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Rutgers Chief of Staff Shaped by Purposeful Approach 

Andrea Bueschel
Andrea Bueschel, chief of staff to Rutgers president Jonathan Holloway and senior vice president for administration, plays a critical role in the coordination of the universitywide offices.
Nick Romanenko

A proud Chicago Northsider with a deeper loyalty for the Cubs than deep dish pizza, Andrea Conklin Bueschel has ventured from her Midwest roots before, just never during a global pandemic. So, when the opportunity to traverse the Big Ten landscape presented itself in July, the decision to further grow in New Brunswick was not as difficult as one might expect.

“The farther along I get in my career, the more I care about the type of leader I work for,” said Bueschel. “It’s no longer about having the job, but rather the integrity and values of that person, their ambitions and aspirations.”

“That person” in this instance is Rutgers University president Jonathan Holloway. After working closely with him at Northwestern University for three years as associate provost for strategy and policy, Bueschel now serves as his chief of staff and senior vice president for administration. In the role, she oversees the operations of the President’s Office and the Office of the Secretary, while playing a critical role in the coordination of the universitywide offices.

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With coronavirus further complicating the logistics and economics of higher education, Holloway and his leadership team have both old and new challenges to navigate. Bueschel, who occupies the office closest to Holloway’s, is well suited for the pursuit. During her 30 years of working in and around higher education, she has served as a research scholar at the Carnegie Foundation for the Advancement of Teaching, as associate vice president at the Spencer Foundation and as an assistant and associate provost at Northwestern, as well as in other academic and administrative roles. Concurrently she has taught graduate courses in higher education policy over the years.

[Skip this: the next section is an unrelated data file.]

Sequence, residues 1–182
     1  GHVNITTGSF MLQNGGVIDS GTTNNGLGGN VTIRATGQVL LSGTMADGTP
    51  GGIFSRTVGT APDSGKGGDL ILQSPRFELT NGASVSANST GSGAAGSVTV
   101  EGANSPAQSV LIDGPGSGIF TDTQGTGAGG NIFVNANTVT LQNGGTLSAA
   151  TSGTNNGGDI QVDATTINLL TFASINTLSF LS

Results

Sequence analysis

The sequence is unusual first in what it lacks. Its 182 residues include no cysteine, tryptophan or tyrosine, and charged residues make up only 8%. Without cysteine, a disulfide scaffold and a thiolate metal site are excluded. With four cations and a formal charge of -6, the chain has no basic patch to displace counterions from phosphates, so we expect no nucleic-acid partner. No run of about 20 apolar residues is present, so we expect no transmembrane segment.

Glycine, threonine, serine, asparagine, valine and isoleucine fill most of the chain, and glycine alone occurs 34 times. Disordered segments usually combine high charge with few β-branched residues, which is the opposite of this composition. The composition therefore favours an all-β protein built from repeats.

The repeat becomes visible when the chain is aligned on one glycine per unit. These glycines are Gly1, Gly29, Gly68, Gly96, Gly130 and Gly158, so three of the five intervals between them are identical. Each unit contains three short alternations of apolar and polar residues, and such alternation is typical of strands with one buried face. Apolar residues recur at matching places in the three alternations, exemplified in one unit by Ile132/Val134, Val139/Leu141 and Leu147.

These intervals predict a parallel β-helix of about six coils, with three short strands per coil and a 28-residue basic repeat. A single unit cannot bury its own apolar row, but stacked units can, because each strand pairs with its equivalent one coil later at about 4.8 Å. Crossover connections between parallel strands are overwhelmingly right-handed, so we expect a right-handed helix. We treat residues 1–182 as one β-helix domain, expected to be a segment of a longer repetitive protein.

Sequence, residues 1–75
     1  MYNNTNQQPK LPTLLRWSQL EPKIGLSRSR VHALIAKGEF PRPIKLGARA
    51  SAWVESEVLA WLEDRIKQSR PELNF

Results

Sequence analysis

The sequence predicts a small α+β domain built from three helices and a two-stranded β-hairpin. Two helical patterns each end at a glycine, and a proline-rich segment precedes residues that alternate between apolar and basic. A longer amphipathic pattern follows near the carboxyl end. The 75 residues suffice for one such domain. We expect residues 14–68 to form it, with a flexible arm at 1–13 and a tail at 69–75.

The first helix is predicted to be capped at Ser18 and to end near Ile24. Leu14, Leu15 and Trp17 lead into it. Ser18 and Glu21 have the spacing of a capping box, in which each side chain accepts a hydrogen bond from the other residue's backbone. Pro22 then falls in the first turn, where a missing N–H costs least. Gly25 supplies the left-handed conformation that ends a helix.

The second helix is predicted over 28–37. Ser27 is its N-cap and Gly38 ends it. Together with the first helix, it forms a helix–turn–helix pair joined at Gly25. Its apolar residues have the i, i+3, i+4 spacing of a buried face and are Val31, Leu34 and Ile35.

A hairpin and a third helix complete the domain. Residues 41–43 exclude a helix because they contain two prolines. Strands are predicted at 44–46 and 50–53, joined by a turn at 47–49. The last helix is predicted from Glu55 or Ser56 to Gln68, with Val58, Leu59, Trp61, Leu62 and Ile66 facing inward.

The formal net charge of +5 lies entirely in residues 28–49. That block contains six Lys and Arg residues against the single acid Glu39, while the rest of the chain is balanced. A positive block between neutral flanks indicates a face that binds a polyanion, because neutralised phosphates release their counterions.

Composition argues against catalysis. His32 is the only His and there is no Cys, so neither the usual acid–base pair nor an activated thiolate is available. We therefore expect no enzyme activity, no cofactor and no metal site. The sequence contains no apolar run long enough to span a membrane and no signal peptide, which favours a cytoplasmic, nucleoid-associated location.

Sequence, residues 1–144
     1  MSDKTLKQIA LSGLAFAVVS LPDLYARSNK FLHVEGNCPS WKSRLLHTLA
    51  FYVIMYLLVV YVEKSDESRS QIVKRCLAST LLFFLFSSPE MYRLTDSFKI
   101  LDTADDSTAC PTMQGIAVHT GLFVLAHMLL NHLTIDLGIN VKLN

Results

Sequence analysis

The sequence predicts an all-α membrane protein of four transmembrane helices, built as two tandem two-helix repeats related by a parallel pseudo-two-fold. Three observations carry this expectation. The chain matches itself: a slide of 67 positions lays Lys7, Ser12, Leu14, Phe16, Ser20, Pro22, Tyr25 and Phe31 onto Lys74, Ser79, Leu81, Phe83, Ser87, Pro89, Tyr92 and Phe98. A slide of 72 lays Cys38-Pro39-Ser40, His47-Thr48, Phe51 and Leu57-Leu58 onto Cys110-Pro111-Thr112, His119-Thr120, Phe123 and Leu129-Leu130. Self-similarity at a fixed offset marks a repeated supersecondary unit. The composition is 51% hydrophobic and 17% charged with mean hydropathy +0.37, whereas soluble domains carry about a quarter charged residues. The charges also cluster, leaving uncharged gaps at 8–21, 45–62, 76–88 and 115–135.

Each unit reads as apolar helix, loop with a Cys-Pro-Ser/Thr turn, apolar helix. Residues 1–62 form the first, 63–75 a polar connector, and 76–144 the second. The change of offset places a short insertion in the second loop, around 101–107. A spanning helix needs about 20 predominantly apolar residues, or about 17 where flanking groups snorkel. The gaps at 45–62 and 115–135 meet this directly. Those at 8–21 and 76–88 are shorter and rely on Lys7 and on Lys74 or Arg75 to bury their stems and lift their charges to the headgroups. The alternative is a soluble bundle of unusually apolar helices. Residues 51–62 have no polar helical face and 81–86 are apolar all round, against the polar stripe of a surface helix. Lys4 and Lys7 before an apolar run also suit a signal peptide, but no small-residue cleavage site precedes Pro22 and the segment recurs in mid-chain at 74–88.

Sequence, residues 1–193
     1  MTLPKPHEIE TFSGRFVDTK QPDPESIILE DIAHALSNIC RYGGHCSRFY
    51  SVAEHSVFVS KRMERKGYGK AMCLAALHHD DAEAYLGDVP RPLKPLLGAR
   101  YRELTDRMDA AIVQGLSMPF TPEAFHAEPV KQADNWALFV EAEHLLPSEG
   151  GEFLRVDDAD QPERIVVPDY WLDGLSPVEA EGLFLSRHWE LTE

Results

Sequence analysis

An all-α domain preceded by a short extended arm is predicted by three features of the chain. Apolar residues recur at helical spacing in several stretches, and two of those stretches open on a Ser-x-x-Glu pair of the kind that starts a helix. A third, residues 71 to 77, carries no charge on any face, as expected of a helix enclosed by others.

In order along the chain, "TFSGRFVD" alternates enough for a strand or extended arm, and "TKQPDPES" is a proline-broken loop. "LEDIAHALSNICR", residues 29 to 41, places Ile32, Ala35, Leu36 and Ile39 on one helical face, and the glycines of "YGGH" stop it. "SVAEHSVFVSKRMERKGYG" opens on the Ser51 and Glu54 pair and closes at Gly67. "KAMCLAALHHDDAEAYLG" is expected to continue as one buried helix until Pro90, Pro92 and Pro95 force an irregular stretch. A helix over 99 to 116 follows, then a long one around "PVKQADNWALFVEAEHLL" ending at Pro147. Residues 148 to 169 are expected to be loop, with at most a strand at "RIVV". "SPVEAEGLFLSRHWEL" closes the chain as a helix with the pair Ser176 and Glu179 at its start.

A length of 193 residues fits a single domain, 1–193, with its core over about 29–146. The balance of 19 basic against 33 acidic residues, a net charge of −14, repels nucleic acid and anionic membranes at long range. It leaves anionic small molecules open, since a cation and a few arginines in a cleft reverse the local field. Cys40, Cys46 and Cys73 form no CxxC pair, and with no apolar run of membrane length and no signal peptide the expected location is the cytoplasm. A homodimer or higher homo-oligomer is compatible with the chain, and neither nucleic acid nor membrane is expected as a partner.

“I think I’m able to see the forest,” said Bueschel, whose perspectives were often shaped in the forest, literally. Her grandparents operated a camp in Cooperstown, N.Y., inspiring a family tradition of camping trips in the Great Lakes region. Her childhood summers also included spending a month at camp in Northern Michigan, and as a college student she worked at a summer camp in Maine as a counselor.

Her time at camps helped her think more about the collective and her part in it. She embraced the idea that you could work together for a common purpose and have goals in service of something bigger than yourself.  As far as the forest, looking across and making connections is a key skill that is serving her well in her role as chief of staff, where she has to synthesize and make sense of a great deal of information each day.

Bueschel Video Poster

Andrea Bueschel, a Utility Infielder

Her interest in learning from others and serving that common purpose has shaped many of Bueschel’s major life decisions.

While many of her classmates selected large Midwestern universities in the Big Ten, she followed the advice of her uncle, also an academic. He recommended Bates College in large part because his mentor, Benjamin E. Mays, a civil rights leader and president of Morehouse when her uncle was a student there, was an alumnus.